The Obama administration can try to distance itself from Jonathan Gruber all it wants, but a 2012 press release from Obama’s own presidential campaign shows that when it comes to Obamacare, the president and Gruber are joined at the hip.
The White House understandably wants to distance itself from Gruber. A series of videos that feature him bragging about his role in deceptively crafting Obamacare have started to come out, and they’re not even remotely helpful to the Obama administration. While on camera, Gruber claimed that lack of transparency in the law was a good thing, that the administration’s rhetoric about the so-called Cadillac tax was a complete lie, and that the lies were all necessary because stupid American voters were too dumb to know what was good for them.
Most important, Gruber’s claims in yet another video about how states that failed to establish health care exchanges were prohibited from receiving federal subsidies have greatly complicated the administration’s legal case in Halbig and King/Burwell, which is currently pending before the Supreme Court.
These claims from Gruber are important, because he’s widely cited as “the architect” of Obamacare. If anyone would understand the law’s original intent and design, it’s Gruber. His remarks about the differences in state and federal exchange show that there’s nothing at all absurd about believing that Obamacare as written was meant to provide subsidies only to individuals who signed up for coverage via a state-based health care exchange. As a result, the White House and even President Obama himself are desperately trying to distance the administration from Gruber’s remarks. Here’s what Obama said about Grubergate earlier this week:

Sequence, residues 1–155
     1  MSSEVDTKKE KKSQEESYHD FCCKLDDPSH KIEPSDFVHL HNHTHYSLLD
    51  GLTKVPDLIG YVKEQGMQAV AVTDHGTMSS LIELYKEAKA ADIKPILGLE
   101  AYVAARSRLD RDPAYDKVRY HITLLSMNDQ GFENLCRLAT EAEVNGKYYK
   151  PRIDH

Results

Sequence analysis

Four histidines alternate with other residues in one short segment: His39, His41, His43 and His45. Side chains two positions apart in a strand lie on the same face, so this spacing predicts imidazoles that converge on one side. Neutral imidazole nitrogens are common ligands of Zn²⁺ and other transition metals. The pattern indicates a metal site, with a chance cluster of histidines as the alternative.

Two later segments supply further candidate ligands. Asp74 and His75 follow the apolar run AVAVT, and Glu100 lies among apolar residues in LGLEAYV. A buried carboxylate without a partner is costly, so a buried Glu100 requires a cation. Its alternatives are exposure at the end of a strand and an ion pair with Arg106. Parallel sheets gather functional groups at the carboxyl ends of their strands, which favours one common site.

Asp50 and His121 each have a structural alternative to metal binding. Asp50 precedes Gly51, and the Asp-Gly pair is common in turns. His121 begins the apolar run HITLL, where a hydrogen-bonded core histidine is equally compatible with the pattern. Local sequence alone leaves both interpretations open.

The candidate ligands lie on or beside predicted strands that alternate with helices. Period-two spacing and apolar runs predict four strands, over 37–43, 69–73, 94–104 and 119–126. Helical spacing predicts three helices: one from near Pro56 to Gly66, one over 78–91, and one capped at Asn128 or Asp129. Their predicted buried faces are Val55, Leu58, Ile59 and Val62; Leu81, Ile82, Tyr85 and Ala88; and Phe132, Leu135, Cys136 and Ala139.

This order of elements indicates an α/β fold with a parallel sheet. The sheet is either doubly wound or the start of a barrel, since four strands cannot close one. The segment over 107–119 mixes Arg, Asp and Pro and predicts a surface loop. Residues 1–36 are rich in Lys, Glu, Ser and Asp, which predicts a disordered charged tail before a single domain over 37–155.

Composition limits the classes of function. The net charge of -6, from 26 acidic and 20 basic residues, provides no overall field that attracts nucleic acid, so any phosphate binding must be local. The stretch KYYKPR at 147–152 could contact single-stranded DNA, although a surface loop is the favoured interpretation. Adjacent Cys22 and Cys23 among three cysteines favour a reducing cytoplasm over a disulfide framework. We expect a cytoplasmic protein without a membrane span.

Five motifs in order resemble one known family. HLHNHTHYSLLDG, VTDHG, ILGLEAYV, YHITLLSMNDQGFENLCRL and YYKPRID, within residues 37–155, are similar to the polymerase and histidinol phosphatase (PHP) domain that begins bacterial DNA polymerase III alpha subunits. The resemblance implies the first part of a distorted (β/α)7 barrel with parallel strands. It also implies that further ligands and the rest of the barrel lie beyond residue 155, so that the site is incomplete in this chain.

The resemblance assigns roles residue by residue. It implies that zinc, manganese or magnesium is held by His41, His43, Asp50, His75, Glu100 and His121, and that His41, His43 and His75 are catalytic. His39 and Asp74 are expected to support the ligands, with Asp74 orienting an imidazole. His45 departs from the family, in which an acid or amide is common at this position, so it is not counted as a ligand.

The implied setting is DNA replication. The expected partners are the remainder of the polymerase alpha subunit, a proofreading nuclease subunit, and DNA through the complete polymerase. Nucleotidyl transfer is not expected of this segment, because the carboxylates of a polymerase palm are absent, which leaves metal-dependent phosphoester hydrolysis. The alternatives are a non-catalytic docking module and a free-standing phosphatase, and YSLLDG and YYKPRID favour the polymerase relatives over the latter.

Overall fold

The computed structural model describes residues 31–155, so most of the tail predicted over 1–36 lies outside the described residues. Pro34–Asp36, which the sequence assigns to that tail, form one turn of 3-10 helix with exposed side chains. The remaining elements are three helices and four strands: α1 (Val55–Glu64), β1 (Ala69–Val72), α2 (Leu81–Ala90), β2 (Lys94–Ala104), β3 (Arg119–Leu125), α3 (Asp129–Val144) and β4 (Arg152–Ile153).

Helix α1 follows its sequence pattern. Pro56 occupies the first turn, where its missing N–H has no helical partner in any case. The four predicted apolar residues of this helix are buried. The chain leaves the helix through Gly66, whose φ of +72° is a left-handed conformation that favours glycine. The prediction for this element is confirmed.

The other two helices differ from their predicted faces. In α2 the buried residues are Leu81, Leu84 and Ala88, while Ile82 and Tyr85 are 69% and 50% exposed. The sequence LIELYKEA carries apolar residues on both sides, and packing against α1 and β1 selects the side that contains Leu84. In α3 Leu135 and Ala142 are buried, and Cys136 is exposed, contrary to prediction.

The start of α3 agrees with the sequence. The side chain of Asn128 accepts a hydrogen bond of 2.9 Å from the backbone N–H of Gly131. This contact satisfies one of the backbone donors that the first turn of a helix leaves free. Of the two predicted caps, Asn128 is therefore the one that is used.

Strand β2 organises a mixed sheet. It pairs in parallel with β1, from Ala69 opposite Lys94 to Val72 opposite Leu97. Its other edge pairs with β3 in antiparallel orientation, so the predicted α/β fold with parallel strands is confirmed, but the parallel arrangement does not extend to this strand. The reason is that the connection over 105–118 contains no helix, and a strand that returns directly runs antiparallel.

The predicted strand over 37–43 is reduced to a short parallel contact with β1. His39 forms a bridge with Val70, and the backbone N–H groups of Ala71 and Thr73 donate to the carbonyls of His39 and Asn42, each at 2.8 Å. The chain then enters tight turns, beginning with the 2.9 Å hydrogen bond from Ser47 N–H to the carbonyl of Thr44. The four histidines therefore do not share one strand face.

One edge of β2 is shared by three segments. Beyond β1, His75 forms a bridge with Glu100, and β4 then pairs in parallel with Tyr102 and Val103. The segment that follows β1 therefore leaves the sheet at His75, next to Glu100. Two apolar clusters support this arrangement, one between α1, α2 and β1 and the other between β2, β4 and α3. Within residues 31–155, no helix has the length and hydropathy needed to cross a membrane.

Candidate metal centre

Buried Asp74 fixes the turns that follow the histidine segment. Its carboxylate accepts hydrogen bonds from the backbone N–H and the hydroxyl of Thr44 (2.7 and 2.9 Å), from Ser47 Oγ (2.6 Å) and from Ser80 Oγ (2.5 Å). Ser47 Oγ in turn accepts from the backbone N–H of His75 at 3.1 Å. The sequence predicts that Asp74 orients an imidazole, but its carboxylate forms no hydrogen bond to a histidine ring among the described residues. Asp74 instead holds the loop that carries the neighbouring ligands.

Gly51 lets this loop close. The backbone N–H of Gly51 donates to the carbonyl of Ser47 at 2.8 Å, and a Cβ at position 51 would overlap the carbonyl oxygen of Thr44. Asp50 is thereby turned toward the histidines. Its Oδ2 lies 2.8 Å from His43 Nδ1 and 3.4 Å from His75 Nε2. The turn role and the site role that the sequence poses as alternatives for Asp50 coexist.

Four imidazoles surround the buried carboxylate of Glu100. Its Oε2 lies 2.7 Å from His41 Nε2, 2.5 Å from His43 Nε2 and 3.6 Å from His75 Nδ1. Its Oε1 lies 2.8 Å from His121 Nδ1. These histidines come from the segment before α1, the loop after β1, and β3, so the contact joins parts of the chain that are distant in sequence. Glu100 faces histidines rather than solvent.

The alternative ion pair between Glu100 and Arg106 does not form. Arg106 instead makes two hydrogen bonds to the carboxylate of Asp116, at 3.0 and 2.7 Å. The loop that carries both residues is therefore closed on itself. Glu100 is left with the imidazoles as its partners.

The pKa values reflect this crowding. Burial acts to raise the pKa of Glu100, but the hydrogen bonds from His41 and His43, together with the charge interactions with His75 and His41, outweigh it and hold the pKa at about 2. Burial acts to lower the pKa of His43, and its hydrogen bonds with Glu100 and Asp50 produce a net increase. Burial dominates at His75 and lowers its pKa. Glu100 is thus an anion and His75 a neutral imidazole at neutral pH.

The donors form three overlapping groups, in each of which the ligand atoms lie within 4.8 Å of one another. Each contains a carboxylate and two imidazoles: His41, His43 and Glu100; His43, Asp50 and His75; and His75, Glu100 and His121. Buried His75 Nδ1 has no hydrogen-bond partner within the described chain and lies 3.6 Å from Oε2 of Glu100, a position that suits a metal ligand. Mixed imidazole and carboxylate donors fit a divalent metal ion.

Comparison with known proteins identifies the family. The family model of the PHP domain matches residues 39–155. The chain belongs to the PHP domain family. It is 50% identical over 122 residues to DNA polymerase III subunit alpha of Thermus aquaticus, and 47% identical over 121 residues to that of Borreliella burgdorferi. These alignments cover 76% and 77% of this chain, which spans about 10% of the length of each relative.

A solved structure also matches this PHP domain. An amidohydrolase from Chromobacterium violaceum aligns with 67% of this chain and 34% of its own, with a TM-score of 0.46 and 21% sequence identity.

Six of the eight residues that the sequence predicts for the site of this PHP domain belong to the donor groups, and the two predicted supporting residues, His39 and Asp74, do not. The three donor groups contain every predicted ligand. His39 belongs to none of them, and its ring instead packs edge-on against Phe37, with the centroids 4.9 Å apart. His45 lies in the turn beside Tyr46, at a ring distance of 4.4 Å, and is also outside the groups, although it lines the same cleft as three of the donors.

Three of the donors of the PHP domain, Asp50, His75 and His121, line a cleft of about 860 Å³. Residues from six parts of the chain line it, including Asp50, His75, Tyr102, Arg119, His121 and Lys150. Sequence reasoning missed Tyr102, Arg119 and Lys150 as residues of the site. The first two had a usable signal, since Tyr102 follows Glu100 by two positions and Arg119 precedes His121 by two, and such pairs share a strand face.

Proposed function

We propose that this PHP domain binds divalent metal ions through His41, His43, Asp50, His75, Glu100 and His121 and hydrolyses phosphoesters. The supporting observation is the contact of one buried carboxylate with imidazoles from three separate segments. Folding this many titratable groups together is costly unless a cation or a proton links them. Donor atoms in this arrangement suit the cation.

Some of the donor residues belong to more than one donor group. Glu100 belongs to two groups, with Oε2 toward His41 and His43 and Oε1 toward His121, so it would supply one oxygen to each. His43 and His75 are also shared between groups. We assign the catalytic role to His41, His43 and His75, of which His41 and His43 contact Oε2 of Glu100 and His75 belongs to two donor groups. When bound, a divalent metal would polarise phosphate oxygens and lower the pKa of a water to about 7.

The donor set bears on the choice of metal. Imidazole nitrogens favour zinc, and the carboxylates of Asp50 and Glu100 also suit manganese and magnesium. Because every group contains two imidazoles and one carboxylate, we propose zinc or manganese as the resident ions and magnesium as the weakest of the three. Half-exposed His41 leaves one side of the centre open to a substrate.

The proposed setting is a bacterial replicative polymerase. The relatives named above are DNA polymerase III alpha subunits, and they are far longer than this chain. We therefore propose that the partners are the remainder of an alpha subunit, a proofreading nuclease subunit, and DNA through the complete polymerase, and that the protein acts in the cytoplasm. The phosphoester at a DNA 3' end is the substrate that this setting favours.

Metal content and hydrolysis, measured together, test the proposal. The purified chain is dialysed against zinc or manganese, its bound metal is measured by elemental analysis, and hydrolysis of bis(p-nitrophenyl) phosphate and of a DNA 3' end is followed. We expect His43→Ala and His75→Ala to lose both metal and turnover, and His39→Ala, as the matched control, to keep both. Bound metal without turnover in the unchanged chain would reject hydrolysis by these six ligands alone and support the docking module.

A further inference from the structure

“I just heard about this,” Obama said at a news conference after wrapping up two days of meetings with world leaders here at the Group of 20 summit. “…The fact that some adviser who never worked on our staff expressed an opinion that I completely disagree with, in terms of the voters, is no reflection on the actual process that was run.”
Did you catch that dodge? Despite the fact that Gruber was paid nearly $400,000 by the White House, he’s apparently a nobody since he didn’t technically serve as a payroll employee of the White House. Obama’s glib defense rings a bit hollow, though, when you consider the fact that his own presidential campaign blasted out a press release during the first 2012 presidential debate that characterized Gruber as the man “who helped write Obamacare.” Here’s a screen cap of the Oct. 3, 2012 press release from Obama’s campaign:
Note that the claim that Gruber “helped write” Obamacare isn’t just buried in some random paragraph in the press release. It was such an important detail that Obama’s communications team felt compelled to include it as its own separate heading, in bold.
Obama can try and run from Gruber and his videos all he wants, but it will never change the fact, cemented by an Obama campaign press release in the heat of a presidential campaign, that Gruber was in on the president’s health care ruse from the beginning.